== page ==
Friday, August 18, 2017

Fashawn - Manna Review

In retrospect, Fashawn's innocent meets cutthroat biography Boy Meets World wasn't truly his to begin with. In the late 2000's, when Hip-Hop was desperately waiting to be reignited (thanks, My Beautiful Dark Twisted Fantasy) Exile was on a self-effacing mission to prove his preeminence. A trove of producer seats on various albums showcased his soul-tastic Boom Bap, but none greater than the two he solo produced in Blu's Below The Heavens and Fashawn's Boy Meets World, two inseparable albums that acted as big brother and little brother arming themselves for the hate, violence, and discrimination they'd soon face. Like some mournful contract to magnify the significance of the two albums, both Blu and Fashawn's careers never exceeded that of their debuts. The former struggling mentally, endlessly putting out projects in hopes of a brighter future, the latter succumbing to a natal lifestyle that put his rapping on hiatus. Six years later Fashawn returned with The Ecology, and disappointment was met even though promise had arrived. The times hadn't changed as much as Fashawn merely matured. His virginal debut a time capsule that couldn't be refurbished. Today, he's a wise West Coast channeler, intercepting the temperament of those around him in relation to the problems out of their control.

The nine-track EP, that bleeds over the thirty-minute mark, is entitled Manna, a word handed down from the Bible to mean an unexpected or gratuitous benefit. For Fashawn and his faithful followers, Manna is a gift, one that embraces the positives of life during times of distress. Through its duration, Manna reflects on political turmoil, embraces shifty nostalgia, celebrates for those who can't, and brags in ways only a West Coast savant knows how. More than any album in recent memory, maybe apart from Domo Genesis' Red Corolla or Blu's Crenshaw Jezebel, Manna evokes the West Coast heritage innately, as Fashawn clutches the style, accentuates the slang, all while representing for the nation as a gatekeeper. One minute he's imploring black youth to memorize their heroes on 'Proud,' the next he's shaking up sexy sultanas alongside Snoop Dogg on 'Pardon My G.' Sticking to a single theme has never been the West Coast way. This, unfortunately, lessens the impact of the emotionally-charged tracks like 'Proud' or 'Mother Amerikkka,' the latter of which closes Manna out with a powerful protest. This track, originally released over a year ago, finds new poignancy with the chaos erupting in Charlottesville, Virginia. A wise decision to re-release it.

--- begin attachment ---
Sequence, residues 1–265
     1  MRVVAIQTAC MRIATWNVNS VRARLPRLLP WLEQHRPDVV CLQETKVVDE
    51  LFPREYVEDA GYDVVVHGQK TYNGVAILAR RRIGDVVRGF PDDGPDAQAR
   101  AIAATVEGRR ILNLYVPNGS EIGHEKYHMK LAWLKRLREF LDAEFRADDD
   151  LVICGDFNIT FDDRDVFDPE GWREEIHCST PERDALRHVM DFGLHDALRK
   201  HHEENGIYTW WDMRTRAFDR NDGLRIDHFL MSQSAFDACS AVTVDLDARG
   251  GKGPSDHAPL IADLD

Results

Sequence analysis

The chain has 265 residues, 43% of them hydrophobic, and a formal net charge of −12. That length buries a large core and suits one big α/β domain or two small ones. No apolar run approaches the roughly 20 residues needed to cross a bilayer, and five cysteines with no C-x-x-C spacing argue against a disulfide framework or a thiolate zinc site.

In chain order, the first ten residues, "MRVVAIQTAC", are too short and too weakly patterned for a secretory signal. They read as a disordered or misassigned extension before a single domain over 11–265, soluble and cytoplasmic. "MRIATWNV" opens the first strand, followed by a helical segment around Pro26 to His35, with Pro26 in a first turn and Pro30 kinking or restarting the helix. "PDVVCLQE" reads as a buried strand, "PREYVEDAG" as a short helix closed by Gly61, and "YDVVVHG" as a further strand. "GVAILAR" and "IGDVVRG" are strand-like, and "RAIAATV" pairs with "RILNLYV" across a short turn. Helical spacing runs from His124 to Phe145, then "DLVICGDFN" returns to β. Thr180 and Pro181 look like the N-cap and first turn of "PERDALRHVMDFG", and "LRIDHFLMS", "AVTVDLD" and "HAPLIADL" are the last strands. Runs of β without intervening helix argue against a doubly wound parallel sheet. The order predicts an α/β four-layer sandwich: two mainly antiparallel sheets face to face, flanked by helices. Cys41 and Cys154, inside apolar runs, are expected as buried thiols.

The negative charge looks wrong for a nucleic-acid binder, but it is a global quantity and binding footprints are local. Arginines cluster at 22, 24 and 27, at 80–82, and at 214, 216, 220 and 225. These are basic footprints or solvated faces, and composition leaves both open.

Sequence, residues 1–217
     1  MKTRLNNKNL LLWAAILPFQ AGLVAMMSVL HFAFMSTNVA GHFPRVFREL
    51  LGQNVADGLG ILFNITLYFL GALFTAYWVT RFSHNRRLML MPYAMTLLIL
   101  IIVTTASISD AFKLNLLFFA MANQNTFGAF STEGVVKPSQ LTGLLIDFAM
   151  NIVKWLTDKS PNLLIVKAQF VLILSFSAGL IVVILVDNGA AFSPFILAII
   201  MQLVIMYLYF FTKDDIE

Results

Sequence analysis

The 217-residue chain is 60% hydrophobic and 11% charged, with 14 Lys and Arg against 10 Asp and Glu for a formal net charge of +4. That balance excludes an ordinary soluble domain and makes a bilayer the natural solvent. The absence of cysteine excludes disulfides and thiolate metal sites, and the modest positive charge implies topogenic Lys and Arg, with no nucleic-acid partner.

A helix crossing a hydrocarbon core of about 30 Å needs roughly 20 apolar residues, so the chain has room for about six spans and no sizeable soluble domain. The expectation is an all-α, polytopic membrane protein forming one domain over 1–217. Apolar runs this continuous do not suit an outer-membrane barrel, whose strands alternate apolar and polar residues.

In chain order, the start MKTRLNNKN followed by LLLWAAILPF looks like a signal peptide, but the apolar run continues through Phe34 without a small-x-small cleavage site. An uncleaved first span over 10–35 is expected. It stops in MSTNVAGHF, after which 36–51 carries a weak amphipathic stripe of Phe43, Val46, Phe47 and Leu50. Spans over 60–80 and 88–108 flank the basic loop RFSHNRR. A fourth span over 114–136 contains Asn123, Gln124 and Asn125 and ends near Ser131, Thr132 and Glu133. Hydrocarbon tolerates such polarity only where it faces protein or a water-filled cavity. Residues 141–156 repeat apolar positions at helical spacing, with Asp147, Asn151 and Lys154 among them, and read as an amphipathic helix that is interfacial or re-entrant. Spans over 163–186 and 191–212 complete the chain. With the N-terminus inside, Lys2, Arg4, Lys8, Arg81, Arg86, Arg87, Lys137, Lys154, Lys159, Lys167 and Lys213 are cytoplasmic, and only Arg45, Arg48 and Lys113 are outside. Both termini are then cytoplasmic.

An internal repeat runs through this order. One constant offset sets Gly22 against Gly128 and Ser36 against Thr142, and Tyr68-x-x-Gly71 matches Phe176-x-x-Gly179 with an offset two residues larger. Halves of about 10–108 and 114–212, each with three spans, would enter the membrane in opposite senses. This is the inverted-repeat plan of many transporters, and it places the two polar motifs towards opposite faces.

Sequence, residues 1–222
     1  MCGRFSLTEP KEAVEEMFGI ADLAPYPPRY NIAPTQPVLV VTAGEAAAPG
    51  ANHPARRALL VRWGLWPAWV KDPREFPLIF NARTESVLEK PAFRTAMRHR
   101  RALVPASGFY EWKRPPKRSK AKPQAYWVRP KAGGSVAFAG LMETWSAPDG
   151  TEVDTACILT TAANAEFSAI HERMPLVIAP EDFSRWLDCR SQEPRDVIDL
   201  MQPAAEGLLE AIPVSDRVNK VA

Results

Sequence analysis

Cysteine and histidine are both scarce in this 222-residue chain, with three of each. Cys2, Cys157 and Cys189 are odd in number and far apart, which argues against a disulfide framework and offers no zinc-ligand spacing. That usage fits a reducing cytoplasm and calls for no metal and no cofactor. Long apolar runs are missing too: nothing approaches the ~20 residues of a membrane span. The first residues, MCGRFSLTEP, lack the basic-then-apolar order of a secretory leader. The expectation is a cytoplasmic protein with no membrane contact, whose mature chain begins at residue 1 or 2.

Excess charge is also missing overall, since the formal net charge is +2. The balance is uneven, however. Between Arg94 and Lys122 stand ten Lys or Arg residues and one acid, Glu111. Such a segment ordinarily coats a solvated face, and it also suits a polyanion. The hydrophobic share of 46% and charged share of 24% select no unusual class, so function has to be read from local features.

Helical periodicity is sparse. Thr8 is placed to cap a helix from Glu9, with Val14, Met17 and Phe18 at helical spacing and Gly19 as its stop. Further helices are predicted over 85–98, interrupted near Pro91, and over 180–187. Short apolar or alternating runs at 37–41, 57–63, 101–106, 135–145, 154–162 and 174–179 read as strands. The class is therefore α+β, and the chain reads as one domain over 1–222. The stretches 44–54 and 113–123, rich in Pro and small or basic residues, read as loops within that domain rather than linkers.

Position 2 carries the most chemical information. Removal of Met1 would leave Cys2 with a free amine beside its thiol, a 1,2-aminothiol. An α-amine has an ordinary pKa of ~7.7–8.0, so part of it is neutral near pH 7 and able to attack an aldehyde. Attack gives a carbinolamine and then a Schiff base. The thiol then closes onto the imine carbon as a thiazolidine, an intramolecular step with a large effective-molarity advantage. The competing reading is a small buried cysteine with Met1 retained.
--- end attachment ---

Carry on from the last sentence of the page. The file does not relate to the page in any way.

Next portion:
Those two tracks, along with 'Clouds Above,' represent the best of Manna's material. Much of this can be attributed to the production, as 'Mother Amerikkka' flips Son Lux's 'Lost It To Trying' effectively, 'Proud' travels to the Big Band Swing era with some rowdy horns, and 'Clouds Above' chops some vocals to heighten the reflection. 'Crack Amerikkka's' desolate chains and palpitating drums personifies a slave gang, even though the track's success diminishes when Fashawn sings. That's not the only occurrence of that, as the same happens with 'Celebration,' a weak spot following 'Pardon My G's' weak spot because of some out-of-tune singing and amateur synth work. However, out of all the tracks, it's ironically 'Fashawn' that fails to impress the most. At least in the aforementioned cases, some bounce and sway kept the party alive, but on 'Fashawn' bland bars, a sterile beat, and regurgitated ideas (See: 'Letter F') prevent the track from being anything above filler. Manna's inconsistencies are expected, this is just a West Coast-loving EP after all, but that doesn't negate the looming issues overall. Truth be told, Manna's exactly the project Fashawn set out to create, it's just not one aimed at critic appreciation. He's for the streets, and always will be.

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